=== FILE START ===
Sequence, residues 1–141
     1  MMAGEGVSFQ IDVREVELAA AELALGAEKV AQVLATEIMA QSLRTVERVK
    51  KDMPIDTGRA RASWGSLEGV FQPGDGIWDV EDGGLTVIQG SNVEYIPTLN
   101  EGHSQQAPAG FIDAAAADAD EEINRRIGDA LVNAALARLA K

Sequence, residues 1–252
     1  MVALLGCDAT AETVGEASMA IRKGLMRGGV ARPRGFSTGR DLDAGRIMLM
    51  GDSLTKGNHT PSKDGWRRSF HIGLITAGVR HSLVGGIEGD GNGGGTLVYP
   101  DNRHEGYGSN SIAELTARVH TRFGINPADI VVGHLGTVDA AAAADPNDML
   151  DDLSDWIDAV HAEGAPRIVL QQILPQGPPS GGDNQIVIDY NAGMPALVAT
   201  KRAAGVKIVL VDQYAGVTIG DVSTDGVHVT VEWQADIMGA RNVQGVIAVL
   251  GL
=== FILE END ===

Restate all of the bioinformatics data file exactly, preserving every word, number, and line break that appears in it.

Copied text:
Sequence, residues 1–141
     1  MMAGEGVSFQ IDVREVELAA AELALGAEKV AQVLATEIMA QSLRTVERVK
    51  KDMPIDTGRA RASWGSLEGV FQPGDGIWDV EDGGLTVIQG SNVEYIPTLN
   101  EGHSQQAPAG FIDAAAADAD EEINRRIGDA LVNAALARLA K

Sequence, residues 1–252
     1  MVALLGCDAT AETVGEASMA IRKGLMRGGV ARPRGFSTGR DLDAGRIMLM
    51  GDSLTKGNHT PSKDGWRRSF HIGLITAGVR HSLVGGIEGD GNGGGTLVYP
   101  DNRHEGYGSN SIAELTARVH TRFGINPADI VVGHLGTVDA AAAADPNDML
   151  DDLSDWIDAV HAEGAPRIVL QQILPQGPPS GGDNQIVIDY NAGMPALVAT
   201  KRAAGVKIVL VDQYAGVTIG DVSTDGVHVT VEWQADIMGA RNVQGVIAVL
   251  GL